“Wisconsin Republicans are committed to keeping this Congressional seat and I am confident that our eventual nominee will uphold Paul Ryan’s legacy of principled, conservative leadership,” said Brad Courtney, chairman of the Wisconsin Republican Party, in a statement.
Ryan will not endorse a candidate, said Kevin Seifert, the executive director of Team Ryan.
“Though he has no plans to endorse in the GOP primary, Speaker Ryan is committed to making sure that a Republican represents Wisconsin’s 1st Congressional District in the House of Representatives come November,” Seifert said in a statement.
However, Seifert came out strongly against Nehlen, who was also dropped as a contributor to Breitbart News after he tweeted a string of anti-Semitic messages late last year,
“There are many qualified conservatives who would be effective representatives for Wisconsin’s 1st Congressional District, and Paul Nehlen isn’t one of them. His bigoted rhetoric and his reprehensible statements should disqualify him from holding any public office and we are confident voters in Southern Wisconsin feel the same way,” Seifert said.
Stan Honda/AFP/Getty ImagesRepublican vice presidential nominee Paul Ryan with his wife Janna Ryan, mother Betty Douglas, right, and children (L-R) Liza, Charlie and Sam after Ryan’s speech at the Tampa Bay Times Forum in Tampa, Fla., on Aug. 29, 2012.
Ryan cited his loyalty to the district in his decision not to run. He noted the “normal politician thing” is to run and then retire after the election but his conscience “could not handle going out that way.”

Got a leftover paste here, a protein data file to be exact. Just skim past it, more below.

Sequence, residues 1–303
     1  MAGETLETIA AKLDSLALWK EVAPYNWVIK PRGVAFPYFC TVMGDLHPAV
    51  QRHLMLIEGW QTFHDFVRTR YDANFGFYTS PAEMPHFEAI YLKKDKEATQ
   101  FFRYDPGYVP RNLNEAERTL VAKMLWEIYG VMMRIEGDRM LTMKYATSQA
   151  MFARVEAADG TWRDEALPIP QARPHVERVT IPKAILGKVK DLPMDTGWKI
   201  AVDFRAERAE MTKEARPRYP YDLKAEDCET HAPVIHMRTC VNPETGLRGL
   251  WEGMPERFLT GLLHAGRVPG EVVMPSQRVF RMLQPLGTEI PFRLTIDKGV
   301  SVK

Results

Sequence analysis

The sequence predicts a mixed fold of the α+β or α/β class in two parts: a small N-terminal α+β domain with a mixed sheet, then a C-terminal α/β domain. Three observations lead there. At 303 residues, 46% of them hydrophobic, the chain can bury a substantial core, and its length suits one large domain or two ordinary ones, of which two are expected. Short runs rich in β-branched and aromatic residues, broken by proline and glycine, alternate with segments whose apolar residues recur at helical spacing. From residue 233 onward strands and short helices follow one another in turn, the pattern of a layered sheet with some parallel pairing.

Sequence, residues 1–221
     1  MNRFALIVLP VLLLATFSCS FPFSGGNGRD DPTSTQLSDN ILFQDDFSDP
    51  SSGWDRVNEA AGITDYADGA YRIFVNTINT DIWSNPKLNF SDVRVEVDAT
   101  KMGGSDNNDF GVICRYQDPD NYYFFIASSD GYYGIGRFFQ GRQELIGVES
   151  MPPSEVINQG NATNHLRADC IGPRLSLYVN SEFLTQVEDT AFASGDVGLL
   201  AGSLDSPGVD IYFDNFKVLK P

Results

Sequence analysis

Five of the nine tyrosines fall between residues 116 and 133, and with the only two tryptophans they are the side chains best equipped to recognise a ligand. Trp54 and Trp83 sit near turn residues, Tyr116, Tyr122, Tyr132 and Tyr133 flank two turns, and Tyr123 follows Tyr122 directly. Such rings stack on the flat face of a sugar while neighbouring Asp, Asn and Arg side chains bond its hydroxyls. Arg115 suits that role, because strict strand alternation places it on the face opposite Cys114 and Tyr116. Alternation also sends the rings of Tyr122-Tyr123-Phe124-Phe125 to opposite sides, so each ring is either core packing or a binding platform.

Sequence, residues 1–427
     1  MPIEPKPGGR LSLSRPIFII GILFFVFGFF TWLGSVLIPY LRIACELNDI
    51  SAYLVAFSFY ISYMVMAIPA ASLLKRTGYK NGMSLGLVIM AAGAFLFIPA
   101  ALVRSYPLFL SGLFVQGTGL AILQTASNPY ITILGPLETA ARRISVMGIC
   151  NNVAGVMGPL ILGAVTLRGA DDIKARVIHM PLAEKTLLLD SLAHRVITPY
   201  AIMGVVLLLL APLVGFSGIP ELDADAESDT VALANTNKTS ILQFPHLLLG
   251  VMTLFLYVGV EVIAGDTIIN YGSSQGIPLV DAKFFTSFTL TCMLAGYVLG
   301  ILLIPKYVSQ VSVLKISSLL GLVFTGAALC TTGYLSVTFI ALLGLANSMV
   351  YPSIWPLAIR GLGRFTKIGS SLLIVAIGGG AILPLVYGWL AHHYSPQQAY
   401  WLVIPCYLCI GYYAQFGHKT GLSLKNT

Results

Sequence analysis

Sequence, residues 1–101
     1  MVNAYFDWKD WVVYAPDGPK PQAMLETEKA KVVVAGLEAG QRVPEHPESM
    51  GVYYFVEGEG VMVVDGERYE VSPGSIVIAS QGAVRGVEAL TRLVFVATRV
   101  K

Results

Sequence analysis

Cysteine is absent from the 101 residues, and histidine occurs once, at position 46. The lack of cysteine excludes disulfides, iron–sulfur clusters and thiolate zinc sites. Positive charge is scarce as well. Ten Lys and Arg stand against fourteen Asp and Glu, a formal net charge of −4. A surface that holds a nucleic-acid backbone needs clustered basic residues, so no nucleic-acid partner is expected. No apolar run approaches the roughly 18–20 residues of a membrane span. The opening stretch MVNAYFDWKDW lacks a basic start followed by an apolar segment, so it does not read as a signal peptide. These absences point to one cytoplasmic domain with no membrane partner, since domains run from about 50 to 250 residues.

“In order to serve the people in my district honorably, I have to serve them honestly and for me to ask them to vote to re-elect me knowing that I wasn’t going to stay is not being honest so I simply cannot do that,” he said Wednesday morning on Capitol Hill.
The Democrats have a strong contender in their quest to pick up 23 seats to retake control of the House of Representatives.
Randy Bryce, an ironworker and Army veteran, raised $2.1 million in the first quarter of 2018 and is part of the party’s “Red to Blue” program, which is designed to give candidates who met certain criteria extra resources in their contests.
“Paul Ryan decided to quit today rather than face Randy Bryce and the voters,” Bryce said in a statement. “With nearly $5 million raised to date, a strong field program aided by organized labor, a broad coalition of support locally and nationally, Randy Bryce is incredibly well positioned to be the next Representative for the First District. Electorates far more conservative than Wisconsin’s First have already elected Democrats in special elections in Wisconsin and across the country.”
He has to get through a primary of his own. Cathy Myers, an Army veteran and Janesville School Board member, is also running.
President Donald Trump won the district by 10 points in 2016 but President Barack Obama won it in 2008.
Ryan has held the seat since 1999 and has served as speaker since 2015. He was previously the chairman of the House Ways and Means Committee and the House Budget Committee.
He won reelection in 2016 by 35 points.